Stop a depraved ‘predator derby’ on your public land

800px-Jackrabbit2_crop

Predatory jackrabbit. Click image to witness lagomorphs’ vicious nature.
Jim Harper photo – en-wikipedia

Kathleen Stachowski   Other Nations

The Environmental Assessment has been issued; comment deadline is Oct. 16, 2014. Details at end of post.

Q: What do coyotes, skunks, weasels, jackrabbits, raccoons, starlings, and grey wolves in Idaho have in common?
A: An arsenal of bullets heading their way.

Why? All are designated as predators by Idaho Fish and Game. And unless we–you and I–send a clear message to federal land managers about the value of these animals on our taxpayer-supported public lands, they will be in the crosshairs on 3,100,000 acres (Challis, Salmon, and Upper Snake Field Offices of the Idaho Falls BLM District) during another competitive killing derby slated for early January 2015. It’s sponsored by predator hate group Idaho for Wildlife, and follows their first, controversial derby held last winter–that one limited to coyotes and wolves. This time, they’re seeking a 5-year federal special recreation permit for their expanded death-fest.  Continue reading

Where Are Our Wild Horses?

Gillian Lyons

 When contemplating American Icons, mustangs inevitably come to mind.  In fact, in the Wild Free-Roaming Horses and Burros Act, Congress stated that wild free-roaming horses are living symbols of the historic and pioneer spirit of the West, which contribute to the diversity of life forms within the Nation and enrich the lives of the American people. Unfortunately, the Bureau of Land Management is currently removing, via controlled round-ups, this symbol of the American spirit from their habitats throughout the western United States. Two such round-ups currently in the news are occurring in Colorado and Wyoming (a round-up that aims to remove 2,000 horses from rangelands).  After these round-ups, BLM plans to either auction captured horses or to house them in government owned corrals.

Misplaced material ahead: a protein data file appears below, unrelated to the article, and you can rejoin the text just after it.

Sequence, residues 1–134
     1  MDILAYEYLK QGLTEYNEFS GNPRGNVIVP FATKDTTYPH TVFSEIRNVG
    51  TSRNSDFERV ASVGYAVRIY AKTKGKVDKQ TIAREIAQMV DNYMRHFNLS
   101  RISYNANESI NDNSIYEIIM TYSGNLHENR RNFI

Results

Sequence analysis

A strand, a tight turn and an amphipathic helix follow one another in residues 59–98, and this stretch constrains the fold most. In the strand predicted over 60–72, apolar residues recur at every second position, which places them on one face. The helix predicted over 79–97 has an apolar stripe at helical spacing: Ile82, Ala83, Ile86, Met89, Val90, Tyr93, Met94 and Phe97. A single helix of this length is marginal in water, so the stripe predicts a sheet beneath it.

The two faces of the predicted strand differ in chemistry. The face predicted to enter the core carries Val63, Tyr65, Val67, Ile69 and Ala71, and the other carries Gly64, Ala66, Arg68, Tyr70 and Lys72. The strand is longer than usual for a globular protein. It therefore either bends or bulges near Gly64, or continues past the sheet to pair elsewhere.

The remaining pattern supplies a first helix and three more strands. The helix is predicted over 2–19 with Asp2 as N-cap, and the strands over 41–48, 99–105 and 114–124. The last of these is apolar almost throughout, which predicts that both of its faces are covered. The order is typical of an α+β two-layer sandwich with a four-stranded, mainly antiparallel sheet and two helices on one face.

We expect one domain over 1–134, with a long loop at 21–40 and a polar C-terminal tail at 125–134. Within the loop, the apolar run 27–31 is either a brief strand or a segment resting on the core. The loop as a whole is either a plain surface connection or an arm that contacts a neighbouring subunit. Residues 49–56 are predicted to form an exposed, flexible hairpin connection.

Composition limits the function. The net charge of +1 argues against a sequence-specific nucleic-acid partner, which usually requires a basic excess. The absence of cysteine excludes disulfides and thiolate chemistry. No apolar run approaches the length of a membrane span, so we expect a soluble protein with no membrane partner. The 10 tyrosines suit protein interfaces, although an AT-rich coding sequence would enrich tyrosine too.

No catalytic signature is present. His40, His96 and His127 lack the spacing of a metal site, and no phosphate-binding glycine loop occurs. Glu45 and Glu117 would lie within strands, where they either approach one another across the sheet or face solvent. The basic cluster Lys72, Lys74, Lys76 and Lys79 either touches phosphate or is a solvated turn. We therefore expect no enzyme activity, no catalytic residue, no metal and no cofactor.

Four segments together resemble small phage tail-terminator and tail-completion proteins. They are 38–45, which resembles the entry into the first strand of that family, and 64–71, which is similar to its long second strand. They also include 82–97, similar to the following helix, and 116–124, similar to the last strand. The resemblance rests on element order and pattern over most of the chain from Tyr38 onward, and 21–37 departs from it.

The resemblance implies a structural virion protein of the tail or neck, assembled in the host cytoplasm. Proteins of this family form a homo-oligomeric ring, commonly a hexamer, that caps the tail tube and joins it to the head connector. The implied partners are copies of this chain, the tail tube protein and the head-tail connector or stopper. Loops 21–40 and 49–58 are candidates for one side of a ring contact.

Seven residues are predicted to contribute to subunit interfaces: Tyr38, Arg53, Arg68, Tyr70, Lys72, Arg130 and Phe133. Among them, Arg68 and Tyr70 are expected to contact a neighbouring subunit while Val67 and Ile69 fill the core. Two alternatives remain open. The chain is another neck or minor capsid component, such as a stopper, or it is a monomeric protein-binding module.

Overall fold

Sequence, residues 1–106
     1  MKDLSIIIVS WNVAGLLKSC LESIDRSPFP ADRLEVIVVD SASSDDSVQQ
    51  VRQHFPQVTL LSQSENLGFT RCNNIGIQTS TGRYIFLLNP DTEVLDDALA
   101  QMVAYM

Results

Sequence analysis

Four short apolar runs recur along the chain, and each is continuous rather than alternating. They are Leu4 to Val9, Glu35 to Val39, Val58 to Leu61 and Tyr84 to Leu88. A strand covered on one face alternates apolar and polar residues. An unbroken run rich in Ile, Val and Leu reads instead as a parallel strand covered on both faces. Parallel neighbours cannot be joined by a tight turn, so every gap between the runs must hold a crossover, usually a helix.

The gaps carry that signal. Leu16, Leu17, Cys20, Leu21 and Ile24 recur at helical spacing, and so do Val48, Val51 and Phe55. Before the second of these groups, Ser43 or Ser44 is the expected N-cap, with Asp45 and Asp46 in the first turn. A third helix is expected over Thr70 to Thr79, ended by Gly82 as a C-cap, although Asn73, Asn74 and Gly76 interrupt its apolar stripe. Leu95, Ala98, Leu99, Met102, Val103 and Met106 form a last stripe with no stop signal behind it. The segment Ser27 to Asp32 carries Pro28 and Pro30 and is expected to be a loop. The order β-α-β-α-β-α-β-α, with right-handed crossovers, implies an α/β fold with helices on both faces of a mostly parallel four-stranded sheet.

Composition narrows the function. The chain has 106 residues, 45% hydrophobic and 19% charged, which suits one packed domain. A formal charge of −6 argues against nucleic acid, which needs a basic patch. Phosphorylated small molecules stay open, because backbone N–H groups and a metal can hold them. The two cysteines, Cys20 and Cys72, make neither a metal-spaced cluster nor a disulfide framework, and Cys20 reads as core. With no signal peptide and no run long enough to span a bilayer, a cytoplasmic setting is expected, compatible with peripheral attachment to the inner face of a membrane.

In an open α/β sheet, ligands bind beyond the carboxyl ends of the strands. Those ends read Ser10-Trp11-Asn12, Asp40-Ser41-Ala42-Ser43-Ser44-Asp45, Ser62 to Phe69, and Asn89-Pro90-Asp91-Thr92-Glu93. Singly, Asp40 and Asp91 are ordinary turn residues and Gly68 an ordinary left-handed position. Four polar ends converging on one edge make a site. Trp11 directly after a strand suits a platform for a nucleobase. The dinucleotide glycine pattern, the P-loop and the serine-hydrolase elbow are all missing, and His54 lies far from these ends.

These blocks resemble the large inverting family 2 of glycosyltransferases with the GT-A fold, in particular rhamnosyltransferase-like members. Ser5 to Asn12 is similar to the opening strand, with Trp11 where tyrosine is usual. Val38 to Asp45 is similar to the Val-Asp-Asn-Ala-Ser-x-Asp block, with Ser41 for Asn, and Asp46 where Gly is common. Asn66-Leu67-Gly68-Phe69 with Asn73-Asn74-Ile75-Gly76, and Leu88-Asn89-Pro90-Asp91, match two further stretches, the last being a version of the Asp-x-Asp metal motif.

According to the Bureau of Land Management’s Director, Bob Abbey, the reason for these round-ups is that the Western rangeland is currently home to 38,400 free-roaming population horses and burros, which exceeds by nearly 12,000 the number of horses and burros that the BLM has determined can exist in balance with other public rangeland resources and uses.  Animal welfare organizations, however, disagree with these calculations and policies, and claimed in a unified letter signed by 120 organizations that: Continue reading